Instead of imagining your kitchen or classroom, think about a ballroom (those from The Shining or Titanic will do nicely) and instead of twenty three of your friends, I want you to invite three hundred and sixty six.

 

16

(That’s got to fit 367 people, surely?)

Once you’ve crammed all of these people into one room, you can be certain that two of them will share a birthday. How do we know this?

There are only 366 possible birthdays (including February 29th on a leap year), even if somehow you managed to find one person whose birthday was on a different day of the year for the first 366, if you were in the room, one of them would have to share a birthday with you (of course, in real life, some birthdays are more common than others).

In discrete mathematics, this is called the Pigeonhole principle. If you have x pigeons and y pigeonholes, where x > y, then at least two pigeons are going to have to buddy up.

This sounds pretty simple, but gets fairly odd when we introduce the idea of infinity and upwards, but that’s for another article.

Half A Chance

Going back to our party in the ballroom, there are either one of two probabilities; that someone in that room shares a birthday with another or nobody does. These are mutually exclusive; they cannot both be true.

If we calculate this probability, we see that it is in fact comprised of several more, one for each person. The probability that nobody in the room shares a birthday can be split down into the probability that Person A doesn’t share a birthday and then Person B and so on.

Probability isn’t as simple as just heads or tails, especially when we think about big numbers. Image courtesy of Flickr.

In probability, we can express mutually exclusive outcomes as:

Probability something happens + probability something doesn’t happen = 1

P + not P = 1 or P + ‘P = 1

In our paradox, either at least two people in that room share a birthday (B) or no-one does (‘B)

The probability that nobody shares a birthday then can be displayed as:

‘B = 366/366 x 365/366 x 364/365 …

And so on, for each of people in the room we are comparing to. Each comparison leads to a smaller and smaller value of ‘B (that nobody shares a birthday).

We know that the first person can have any birthday in the year without invalidating the probability that none of them do. The second may only have a birthday on all of those days minus the one which the first person has the birthday.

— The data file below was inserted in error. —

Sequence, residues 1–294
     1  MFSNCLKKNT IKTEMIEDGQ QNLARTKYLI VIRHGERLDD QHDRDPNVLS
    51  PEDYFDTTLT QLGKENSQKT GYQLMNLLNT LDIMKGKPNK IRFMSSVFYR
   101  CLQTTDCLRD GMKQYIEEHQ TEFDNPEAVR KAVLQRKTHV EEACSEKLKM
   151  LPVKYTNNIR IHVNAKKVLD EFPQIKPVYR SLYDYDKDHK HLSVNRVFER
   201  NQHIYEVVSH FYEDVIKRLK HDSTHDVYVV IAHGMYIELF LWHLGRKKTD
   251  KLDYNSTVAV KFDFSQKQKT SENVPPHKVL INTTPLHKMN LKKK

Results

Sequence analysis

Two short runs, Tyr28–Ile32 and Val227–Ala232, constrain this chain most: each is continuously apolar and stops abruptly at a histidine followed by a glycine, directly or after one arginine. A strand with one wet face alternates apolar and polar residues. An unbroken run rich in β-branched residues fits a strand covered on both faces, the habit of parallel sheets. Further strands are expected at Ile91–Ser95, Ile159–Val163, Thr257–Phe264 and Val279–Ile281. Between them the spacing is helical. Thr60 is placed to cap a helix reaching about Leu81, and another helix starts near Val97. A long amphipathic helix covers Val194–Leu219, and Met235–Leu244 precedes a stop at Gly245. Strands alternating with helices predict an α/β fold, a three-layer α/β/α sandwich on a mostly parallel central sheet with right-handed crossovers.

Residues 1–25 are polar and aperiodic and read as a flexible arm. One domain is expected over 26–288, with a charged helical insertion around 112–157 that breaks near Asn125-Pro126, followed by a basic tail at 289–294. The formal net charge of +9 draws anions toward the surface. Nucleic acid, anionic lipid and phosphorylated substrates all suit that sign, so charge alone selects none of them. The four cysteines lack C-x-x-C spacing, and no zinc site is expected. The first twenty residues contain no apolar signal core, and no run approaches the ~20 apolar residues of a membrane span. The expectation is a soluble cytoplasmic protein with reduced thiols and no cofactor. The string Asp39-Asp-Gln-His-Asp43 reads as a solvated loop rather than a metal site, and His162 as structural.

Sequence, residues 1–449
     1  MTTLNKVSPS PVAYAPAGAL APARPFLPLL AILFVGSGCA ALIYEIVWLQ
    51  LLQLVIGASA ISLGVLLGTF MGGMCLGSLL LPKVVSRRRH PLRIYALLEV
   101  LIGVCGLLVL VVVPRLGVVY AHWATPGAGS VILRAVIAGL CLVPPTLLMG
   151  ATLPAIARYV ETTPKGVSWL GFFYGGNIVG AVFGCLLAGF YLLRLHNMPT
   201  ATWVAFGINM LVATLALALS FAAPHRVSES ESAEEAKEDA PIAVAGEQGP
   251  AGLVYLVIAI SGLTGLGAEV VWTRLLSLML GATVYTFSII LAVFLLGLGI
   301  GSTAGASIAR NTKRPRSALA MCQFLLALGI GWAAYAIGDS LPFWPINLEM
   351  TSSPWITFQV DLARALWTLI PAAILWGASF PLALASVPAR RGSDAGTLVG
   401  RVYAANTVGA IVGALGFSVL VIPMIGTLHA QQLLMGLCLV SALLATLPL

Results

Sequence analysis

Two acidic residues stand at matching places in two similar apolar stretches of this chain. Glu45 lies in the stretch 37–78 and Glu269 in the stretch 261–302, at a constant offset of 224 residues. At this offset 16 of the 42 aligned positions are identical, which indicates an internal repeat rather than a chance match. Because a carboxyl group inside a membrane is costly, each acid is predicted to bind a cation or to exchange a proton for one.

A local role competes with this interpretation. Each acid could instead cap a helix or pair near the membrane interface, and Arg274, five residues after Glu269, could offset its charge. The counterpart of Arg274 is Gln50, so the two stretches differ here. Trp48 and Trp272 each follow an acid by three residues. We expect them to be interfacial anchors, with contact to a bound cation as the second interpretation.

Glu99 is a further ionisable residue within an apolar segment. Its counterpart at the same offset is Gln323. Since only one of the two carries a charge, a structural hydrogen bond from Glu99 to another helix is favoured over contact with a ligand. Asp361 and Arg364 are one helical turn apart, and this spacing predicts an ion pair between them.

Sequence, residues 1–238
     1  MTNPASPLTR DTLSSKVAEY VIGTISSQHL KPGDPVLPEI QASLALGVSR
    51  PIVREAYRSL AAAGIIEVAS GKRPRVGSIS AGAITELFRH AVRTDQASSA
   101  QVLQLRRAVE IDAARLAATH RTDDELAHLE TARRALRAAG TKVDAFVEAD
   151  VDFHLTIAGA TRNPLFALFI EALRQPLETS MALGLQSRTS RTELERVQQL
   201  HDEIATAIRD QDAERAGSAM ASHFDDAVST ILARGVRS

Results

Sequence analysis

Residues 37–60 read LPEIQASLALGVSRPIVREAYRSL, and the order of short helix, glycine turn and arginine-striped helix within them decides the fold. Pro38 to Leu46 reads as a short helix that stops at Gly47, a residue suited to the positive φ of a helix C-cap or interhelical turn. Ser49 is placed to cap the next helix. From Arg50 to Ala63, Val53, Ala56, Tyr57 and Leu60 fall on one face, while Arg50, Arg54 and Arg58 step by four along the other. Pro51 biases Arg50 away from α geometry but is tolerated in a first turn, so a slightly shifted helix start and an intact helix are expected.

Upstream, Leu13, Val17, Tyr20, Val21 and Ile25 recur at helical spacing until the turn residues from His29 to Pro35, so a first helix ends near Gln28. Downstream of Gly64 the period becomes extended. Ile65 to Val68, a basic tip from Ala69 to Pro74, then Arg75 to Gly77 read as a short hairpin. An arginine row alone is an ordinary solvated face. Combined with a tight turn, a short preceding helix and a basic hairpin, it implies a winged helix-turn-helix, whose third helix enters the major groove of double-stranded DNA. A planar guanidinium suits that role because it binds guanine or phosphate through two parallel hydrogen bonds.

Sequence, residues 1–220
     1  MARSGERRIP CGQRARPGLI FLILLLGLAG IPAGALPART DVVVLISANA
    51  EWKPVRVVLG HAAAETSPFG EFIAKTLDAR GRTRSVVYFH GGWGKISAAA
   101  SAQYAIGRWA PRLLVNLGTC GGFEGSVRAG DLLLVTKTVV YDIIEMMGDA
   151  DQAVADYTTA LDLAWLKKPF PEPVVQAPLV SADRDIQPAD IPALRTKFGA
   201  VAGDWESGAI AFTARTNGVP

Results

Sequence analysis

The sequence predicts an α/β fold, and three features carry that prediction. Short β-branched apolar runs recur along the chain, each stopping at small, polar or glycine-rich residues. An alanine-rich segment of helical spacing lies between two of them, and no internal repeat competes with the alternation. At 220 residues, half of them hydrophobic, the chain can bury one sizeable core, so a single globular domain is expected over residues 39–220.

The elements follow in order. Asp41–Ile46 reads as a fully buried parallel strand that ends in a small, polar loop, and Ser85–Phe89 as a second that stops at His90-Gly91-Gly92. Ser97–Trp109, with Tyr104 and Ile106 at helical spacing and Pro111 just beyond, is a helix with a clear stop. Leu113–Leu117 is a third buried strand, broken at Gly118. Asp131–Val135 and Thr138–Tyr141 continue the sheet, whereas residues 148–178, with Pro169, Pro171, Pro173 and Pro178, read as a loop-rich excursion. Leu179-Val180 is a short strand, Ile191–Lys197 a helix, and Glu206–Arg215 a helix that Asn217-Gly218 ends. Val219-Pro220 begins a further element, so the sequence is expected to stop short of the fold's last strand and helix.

The next person has one less day and so on and so on. A simpler way of writing this is:

‘B = 366!/((366-n)!x366^n)

Where n is the number of people in the room. If the value is 367, then we may be certain that two people share a birthday (though at 70, the odds are 99.9%).

If the value is set at 23, the probability works out roughly as 0.5, which is half a chance.

You can work it out with different sizes here.

image11

(Here’s a graphic representation from Cornell University)

 

The Birth of the Paradox

This paradox was featured as part of a maths puzzle in Scientific American in 1957. It had been separately been proposed by mathematicians Harold Davenport and Richard von Mises prior to this.

But why should we care about all of this? Why do we celebrate birthdays? As well as being a strange piece of probability, there is a real world application in hacking called the birthday attack.

It involves attacking the way data can be encrypted via a hash function – stealing data or passwords. If two people are sending data to each other, it will be encrypted with each at both ends able to translate the code via a hash function.

The birthday attack examines the way that two pieces of information may be encoded in the same way, much like two people sharing the same birthday.

The attack means all the hacker needs to do is find any matching pair before and after encryption rather than any single pair. This reduces the time taken to break into a system and is so much more important than it may seem at first!

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The opinions expressed in this article are those of George Aitch and Dr Janaway alone and may not represent those of their affiliates. Images courtesy of flickr.

Sources

  1. Su, Francis E., et al. “Pigeonhole Principle.” Math Fun Facts. <http://www.math.hmc.edu/funfacts>
  2. http://mathforum.org/dr.math/faq/faq.birthdayprob.html
  3. https://www.geeksforgeeks.org/birthday-paradox/
  4. http://www.math.cornell.edu/~mec/2008-2009/TianyiZheng/Birthday.html
  5. http://mste.illinois.edu/activity/birthday/